Entner: Quantifying the mobile data tsunami and its implications

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ROGER entner neilsenAT&T's shift away from unlimited data pricing has led us to examine the issue of data consumption in the United States. The Nielsen Company collects phone bills from more than 60,000 mobile customers every month and analyzes every line item on the bill. These bills show how much data each customer has consumed in the previous month, regardless of whether the customer is on a metered or unlimited data plan, in order to give customers the opportunity to understand their data consumption habits.

When we look at smartphone data consumption distribution and year-over-year change, we see a large disparity of usage among smartphone users and are struck by the staggering amounts of data used by the heaviest users.

Source: The Nielsen Company

Average data consumption increased from about 90 MB per month during the first quarter of 2009 to 298 MB per month during the first quarter of 2010. This represents a year-over-year increase of approximately 230 percent. While this increase is substantial, in the first quarter of 2009 more than a third of smart phone subscribers used less than 1 MB of data per month; this number has dropped to a quarter  in the first quarter of 2010 as the number of applications and the utility of smart devices has increased substantially.  That means about 20 million current smartphone users are hardly using data.

Other conclusions:

1.       Usage-based pricing may be more fair. The top 6 percent of smart phone users are consuming half of all data. The vast majority of customers, 99 percent according to the 60,000 phone bills that Nielsen collects and analyzes every month as part of their Customer Value Metrics product, are better off with a pricing scheme like AT&T's new data pricing model than under flat-rate pricing where they are paying for much more than they ever use.

2.       There is a growing need to educate smartphone users. With about 23 percent smartphone penetration in the United States, we are still in the early adopter phase. A quarter of these early adopters are not using their device for data services at all. They use exactly zero MB per month. For some reason these customers have purchased a miracle in engineering and technology that has more computing power than what was used to get men safely to the moon and back and yet they only use their smartphone for phone calls and text messaging. Operators have to do a much better job in conveying the value and utility of these powerful devices--and to marrying the right device to the right customer.  The more suitable the device is to the usage and spending pattern of the customer the more satisfied the customer will be.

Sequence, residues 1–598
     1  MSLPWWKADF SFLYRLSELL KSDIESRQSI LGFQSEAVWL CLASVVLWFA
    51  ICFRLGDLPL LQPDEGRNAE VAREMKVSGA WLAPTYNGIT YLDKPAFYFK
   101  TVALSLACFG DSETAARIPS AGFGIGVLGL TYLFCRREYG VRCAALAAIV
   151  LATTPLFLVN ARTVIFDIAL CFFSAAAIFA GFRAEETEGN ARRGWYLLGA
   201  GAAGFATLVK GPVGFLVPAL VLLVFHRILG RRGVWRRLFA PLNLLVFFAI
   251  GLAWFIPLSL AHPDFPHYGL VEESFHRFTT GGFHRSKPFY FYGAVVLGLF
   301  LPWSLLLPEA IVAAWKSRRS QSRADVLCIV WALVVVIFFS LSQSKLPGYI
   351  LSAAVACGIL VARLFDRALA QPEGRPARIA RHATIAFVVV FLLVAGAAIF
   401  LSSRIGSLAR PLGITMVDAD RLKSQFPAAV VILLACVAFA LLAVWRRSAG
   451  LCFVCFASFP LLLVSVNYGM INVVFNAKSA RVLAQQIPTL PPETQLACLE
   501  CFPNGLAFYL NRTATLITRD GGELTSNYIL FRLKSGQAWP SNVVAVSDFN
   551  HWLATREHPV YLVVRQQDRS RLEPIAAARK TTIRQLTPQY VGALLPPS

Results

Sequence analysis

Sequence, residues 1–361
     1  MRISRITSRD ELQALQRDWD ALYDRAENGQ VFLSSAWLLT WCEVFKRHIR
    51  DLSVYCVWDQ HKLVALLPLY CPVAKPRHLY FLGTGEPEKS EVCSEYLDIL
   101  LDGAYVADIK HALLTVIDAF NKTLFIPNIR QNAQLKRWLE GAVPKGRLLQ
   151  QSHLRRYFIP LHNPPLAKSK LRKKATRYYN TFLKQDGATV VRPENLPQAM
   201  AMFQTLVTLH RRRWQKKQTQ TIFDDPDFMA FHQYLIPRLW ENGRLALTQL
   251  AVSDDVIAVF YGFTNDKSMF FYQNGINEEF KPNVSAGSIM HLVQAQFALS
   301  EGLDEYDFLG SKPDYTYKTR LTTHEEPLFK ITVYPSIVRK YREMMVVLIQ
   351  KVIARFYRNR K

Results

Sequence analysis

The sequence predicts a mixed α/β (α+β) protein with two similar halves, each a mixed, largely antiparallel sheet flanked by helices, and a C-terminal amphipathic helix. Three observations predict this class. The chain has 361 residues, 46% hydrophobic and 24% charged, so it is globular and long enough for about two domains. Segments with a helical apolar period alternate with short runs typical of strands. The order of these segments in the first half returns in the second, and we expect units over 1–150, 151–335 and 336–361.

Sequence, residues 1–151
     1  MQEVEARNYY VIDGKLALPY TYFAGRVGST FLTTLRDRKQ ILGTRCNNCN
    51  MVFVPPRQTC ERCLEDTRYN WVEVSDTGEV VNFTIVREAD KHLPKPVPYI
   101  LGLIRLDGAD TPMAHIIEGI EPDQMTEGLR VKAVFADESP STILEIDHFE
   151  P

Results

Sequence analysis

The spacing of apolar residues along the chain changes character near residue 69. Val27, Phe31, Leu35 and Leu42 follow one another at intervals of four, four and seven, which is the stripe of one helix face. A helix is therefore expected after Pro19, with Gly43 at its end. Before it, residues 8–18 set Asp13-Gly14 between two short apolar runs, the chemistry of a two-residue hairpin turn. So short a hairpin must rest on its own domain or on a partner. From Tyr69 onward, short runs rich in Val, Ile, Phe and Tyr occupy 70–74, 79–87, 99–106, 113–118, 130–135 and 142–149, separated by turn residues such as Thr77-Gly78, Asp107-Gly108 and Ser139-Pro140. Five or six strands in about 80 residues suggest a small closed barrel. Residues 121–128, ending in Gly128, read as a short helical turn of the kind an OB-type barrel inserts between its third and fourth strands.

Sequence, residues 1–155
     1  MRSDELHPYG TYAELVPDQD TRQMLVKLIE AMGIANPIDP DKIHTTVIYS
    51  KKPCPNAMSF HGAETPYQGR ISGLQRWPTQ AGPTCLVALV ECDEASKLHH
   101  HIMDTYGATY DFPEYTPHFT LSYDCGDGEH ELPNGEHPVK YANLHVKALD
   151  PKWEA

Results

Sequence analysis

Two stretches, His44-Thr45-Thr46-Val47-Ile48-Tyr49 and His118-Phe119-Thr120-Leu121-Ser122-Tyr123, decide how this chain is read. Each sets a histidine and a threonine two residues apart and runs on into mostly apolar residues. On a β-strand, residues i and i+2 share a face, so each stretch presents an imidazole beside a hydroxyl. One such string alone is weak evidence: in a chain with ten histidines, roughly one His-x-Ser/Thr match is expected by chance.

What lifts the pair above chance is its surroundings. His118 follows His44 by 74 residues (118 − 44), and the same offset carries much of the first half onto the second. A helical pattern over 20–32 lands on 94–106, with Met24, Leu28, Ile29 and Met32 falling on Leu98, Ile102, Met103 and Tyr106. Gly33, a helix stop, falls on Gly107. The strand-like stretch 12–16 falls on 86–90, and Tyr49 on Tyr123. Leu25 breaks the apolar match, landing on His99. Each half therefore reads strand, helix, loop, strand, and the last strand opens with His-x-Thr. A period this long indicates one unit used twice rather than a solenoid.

3.       More than a third of smartphone users have not yet signed up for a data plan. Most of these smart phone users were among the first to get these devices, before operators required a data plan be added to the device subscription. Over time, these device owners will get converted into paying customers for data, but it is critical for the long term success of the industry to not only collect revenue but to also provide and convey value.

The industry has its work cut out for itself as it undergoes its most revolutionary shift to a post-voice-centric world. The priorities of large swaths of customers are shifting. Some operators have been better than others in adapting to the changing industry landscape and have been able to capitalize on it. As this trend continues, voice calls are increasingly commoditized and the average revenue per user on voice has been falling. Operators with the right cost structure will still be able to operate efficiently, effectively and profitably in this increasingly challenging voice segment, but most operators are condemned to sink or swim in the new data-centric world.

Roger Entner is senior vice president and head of research and insights for the Telecom Practice of Nielsen. For ongoing insights from Nielsen on this and other topics, visit NielsenWire.com.